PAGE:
By Pinar Dinç and Francesca Capoluongo

© Orlok

© Orlok via Shutterstock

It was on 2 July 2016 that President Recep Tayyip Erdoğan announced that Syrian ‘guests under temporary protection’ (i.e. refugees) in Turkey would be granted Turkish citizenship. He deferred to the Interior Ministry for further comment, though members of the government themselves seemed to have been taken by surprise. The proposal sparked immediate debate in the political arena and on social media, with not only opposition parties speaking against it but even grassroots supporters of the Justice and Development Party (Adalet ve Kalkınma Partisi, AKP). Over one week after the statement, Deputy Prime Minister Numan Kurtulmuş said that the Interior Ministry had ‘not yet completed the work on the issue of giving citizenship to Syrians.’ It became clear at this point that not all Syrian refugees would have been eligible to acquire Turkish citizenship but only ‘qualified and educated Syrians with a clean record’. The estimated number was around 300,000. Then, on 11 July, Erdoğan detailed his proposition, saying, ‘there is no need to hesitate’ and that Turkey was big enough to welcome Syrians as citizens.

As discussions concerning how Erdoğan’s proposal would affect Turkish society, economy, and politics were taking place, tanks and soldiers appeared on the Bosphorus Bridge in Istanbul on 15 July. Alongside the coup attempt, the citizenship grant to Syrians became a somewhat irrelevant ­– if not totally forgotten – topic. Five months have now passed, and officials have not brought up the issue again. Meanwhile, the war in Syria continues, with Turkey actively involved in the ongoing Operation Euphrates Shield and hosting close to 3 million displaced Syrians.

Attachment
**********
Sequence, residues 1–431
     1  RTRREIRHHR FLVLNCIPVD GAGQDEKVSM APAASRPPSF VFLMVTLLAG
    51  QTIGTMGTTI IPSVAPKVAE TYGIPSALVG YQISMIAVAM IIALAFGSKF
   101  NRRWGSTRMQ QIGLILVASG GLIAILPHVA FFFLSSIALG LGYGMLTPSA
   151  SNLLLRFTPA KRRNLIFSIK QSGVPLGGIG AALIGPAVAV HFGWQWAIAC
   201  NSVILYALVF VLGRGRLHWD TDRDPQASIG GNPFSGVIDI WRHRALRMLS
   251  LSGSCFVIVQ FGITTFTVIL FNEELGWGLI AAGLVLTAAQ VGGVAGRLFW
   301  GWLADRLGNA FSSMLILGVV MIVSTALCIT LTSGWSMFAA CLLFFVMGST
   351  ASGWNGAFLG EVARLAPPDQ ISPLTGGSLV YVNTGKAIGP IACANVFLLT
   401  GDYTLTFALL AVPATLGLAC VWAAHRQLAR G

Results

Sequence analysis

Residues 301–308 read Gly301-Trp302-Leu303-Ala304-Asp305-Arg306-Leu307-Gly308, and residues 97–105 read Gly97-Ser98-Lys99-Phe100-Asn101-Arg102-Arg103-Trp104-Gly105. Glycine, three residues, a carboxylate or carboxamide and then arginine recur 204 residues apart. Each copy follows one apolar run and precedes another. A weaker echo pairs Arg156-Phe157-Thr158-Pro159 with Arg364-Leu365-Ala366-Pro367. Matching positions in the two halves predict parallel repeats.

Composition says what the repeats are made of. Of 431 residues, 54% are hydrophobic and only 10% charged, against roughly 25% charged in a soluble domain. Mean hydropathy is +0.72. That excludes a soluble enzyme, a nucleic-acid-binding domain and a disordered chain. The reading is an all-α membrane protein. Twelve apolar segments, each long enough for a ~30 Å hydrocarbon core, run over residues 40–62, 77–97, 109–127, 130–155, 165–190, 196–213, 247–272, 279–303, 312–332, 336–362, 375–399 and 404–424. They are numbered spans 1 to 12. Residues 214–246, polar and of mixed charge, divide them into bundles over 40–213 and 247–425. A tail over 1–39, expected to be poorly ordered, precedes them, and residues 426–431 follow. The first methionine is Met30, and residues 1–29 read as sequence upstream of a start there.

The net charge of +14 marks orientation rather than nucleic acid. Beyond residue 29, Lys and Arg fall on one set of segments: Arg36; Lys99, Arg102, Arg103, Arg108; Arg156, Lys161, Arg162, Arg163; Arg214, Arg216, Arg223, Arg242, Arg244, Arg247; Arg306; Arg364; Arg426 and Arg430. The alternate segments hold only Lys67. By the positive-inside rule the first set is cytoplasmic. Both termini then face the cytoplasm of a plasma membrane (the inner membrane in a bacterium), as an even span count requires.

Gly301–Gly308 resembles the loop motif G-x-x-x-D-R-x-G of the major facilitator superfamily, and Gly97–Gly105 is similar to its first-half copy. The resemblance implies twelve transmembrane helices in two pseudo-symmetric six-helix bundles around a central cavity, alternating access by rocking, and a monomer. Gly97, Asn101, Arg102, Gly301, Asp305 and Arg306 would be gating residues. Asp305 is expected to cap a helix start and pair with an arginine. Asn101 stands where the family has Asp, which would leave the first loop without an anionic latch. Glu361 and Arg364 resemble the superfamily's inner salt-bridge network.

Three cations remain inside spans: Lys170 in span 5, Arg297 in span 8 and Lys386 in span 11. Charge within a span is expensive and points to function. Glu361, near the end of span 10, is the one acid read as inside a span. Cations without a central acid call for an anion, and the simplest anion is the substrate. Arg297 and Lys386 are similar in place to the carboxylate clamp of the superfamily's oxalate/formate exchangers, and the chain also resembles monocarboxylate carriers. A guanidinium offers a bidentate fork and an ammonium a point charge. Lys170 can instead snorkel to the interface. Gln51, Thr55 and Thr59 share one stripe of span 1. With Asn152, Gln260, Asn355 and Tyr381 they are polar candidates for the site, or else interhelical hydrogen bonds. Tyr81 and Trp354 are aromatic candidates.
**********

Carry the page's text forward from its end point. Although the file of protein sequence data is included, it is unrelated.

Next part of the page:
In considering whether or not Erdoğan or the AKP will bring back the Syrian citizen grant proposal in the near future, we must discuss the reasons why President Erdoğan came up with such a proposal in the first place. At the time, it seemed evident that the government had not developed a clear policy. Erdoğan presumably aimed at strengthening Turkey’s humanitarian image, in more or less explicit contrast with the EU’s unreceptive stance towards refugees. The alleged ‘open door’ policy that Turkey adopted in the Syrian crisis has been recognised as laudable, yet can also be criticised as a self-legitimising tool in the face of the EU’s condemnation of the breakdown of Turkey’s democracy. Part of the government’s narrative was also directed towards preventing the brain-drain of those most qualified Syrians, who would easily resettle in North American countries and Europe.